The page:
Elmer Wolcott is mayor of Muskegon, a western Michigan town that once soared but now has slumped. Muskegon's fortunes are tied to the auto industry, which over the long term has been declining.
Mayor Wolcott says he thinks tax reform could help his town's residents. But he is concerned that they would be hurt by the tax plan proposed last month by President Reagan.
``I'm for simplification of taxes, closing loopholes for people richer than me,'' Wolcott said Saturday.
Like most of the 165 mayors gathered here for the 53rd US Conference of Mayors, Wolcott believes cities are the big losers under the President's latest budget and tax plans.
The mayors are forging a political attack on elements of the President's tax-simplification plan that they say would drastically impair the ability of cities to care for the needy and finance public construction.
Most troublesome to most mayors is the proposal to end the federal deduction for state and local taxes.
Ending those deductions would result in taxpayer demands for lower local taxes, says Mayor James McNulty (D) of Scranton, Pa.
Mayor McNulty characterizes the Reagan tax plan as ``an ultraconservative agenda under the guise of tax reform.'' Local governments would shrink if their ability to raise taxes or sell revenue bonds were decreased, as the President proposes, McNulty says.
McNulty says the administration is using tax reform to further its urban-policy agenda, which he says favors the suburbs and the Sunbelt at the expense of Eastern cities.
The mayors are also distressed by the President's proposal to eliminate the federal revenue-sharing program after 1986.
The Reagan administration defends its plan, saying the flow of federal dollars must be slowed if the deficit is to be controlled. In explaining the provisions that would end deductions for state and local taxes, administration officials cite what they call budget surpluses in the states and cities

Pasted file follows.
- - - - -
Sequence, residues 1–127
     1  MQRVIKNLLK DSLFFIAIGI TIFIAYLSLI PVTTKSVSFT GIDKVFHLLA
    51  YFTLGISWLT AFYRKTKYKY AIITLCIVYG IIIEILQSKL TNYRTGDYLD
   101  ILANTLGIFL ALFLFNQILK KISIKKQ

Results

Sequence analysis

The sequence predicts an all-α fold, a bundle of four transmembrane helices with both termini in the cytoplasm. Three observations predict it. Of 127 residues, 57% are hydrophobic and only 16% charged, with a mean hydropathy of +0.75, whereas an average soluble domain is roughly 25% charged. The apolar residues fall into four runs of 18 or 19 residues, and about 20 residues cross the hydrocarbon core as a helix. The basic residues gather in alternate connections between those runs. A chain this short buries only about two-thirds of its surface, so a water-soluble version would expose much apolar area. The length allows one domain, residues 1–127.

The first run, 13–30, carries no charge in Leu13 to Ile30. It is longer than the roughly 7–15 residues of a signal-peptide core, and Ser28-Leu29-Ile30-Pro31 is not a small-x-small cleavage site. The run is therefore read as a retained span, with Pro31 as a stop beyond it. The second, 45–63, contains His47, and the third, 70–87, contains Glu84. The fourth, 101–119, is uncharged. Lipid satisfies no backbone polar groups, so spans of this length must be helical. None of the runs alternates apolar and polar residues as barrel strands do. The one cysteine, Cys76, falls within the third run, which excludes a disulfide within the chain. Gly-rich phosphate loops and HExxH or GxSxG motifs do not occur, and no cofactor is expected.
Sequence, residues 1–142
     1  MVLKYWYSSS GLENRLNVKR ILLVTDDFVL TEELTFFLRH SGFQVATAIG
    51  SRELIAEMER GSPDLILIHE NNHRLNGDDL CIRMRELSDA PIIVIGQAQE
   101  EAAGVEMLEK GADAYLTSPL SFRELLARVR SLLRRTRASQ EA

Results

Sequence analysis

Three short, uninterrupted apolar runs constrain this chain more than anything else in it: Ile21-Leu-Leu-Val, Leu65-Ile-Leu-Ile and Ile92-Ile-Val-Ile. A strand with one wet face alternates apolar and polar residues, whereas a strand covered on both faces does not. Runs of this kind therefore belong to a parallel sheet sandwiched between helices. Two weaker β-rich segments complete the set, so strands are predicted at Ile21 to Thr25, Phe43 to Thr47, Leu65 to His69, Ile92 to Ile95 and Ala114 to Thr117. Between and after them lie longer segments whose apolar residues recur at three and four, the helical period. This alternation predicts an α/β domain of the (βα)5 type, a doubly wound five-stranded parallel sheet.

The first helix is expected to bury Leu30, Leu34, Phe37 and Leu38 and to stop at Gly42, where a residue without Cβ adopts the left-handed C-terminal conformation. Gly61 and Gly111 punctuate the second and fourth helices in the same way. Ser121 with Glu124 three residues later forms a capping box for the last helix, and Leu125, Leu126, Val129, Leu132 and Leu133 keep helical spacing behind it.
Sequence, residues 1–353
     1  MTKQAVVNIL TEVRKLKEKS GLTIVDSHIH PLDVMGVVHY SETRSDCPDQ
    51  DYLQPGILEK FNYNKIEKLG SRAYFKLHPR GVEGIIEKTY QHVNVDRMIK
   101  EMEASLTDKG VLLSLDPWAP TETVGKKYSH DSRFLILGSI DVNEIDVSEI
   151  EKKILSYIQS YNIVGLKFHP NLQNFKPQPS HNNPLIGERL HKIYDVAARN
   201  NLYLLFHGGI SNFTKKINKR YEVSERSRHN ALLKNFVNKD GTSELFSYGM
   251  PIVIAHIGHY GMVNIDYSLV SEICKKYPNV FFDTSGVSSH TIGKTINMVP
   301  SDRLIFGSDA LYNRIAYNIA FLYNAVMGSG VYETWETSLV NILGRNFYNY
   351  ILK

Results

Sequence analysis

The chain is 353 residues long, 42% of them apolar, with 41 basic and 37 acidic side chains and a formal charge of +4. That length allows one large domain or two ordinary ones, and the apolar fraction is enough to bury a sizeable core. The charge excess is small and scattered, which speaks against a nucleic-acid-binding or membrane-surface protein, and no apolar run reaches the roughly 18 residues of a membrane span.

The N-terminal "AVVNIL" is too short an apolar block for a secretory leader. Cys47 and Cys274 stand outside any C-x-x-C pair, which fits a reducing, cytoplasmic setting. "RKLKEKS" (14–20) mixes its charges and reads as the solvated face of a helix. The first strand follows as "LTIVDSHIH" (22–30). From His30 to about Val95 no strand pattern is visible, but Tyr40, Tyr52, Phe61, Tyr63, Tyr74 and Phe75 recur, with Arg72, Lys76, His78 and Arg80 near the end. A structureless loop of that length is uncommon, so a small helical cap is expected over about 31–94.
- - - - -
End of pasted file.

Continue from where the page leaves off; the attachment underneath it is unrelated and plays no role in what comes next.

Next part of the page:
It's the poor, needy, and underprivileged in the bigger cities who stand to suffer the most if the President's plan is adopted, many mayors say.
The disadvantaged are drawn to and remain in the urban centers because of the availability of services, says Mayor Joseph Sensenbrenner (D) of Madison, Wis., a co-chairman of a mayoral task force examining the President's tax reform proposal.
Milwaukee Mayor Henry Maier (D), evoked the race riots of the 1960s and predicted new riots will occur before federal officials recognize the importance of funneling funds into the inner cities.
It's a long way -- geographically and ideologically -- from Milwaukee to Sunnyvale, in California's Silicon Valley.
Sunnyvale Mayor John Mercer wants tax reform -- and he isn't sure it can work unless there's an end to deductions for state and local taxes. Mayor Mercer says he supports a tax reform that tightens exemptions for special interests, including the city.
Mercer sees cities benefiting from increased consumer spending made possible by tax cuts.
To mayors like Bill Collins (D) of Norwalk, Conn., the issue is not whether individuals will benefit but the extent city governments will suffer in the squeeze to cut federal spending while reducing taxes.
``We've got plenty of money for people to buy things; we're a little short on policemen,'' Mayor Collins says.
The 12-mayor task force on the President's tax plan is calling for reform that is ``simple, equitable, and progressive.'' The task force isn't asking that federal taxes be reduced.
The task force approved a resolution, to be voted on by the mayors on the last day of the conference Wednesday, objecting to provisions in the Reagan tax plan that would:
Eliminate tax exemptions for nearly all state and local bonds.
Limit charitable contributions, something the mayors say could jeopardize the services provided by churches and nonprofit groups like United Way.
Halt banks' deductions of costs incurred in buying and carrying municipal bonds.
End tax credits for rehabilitation and historic preservation.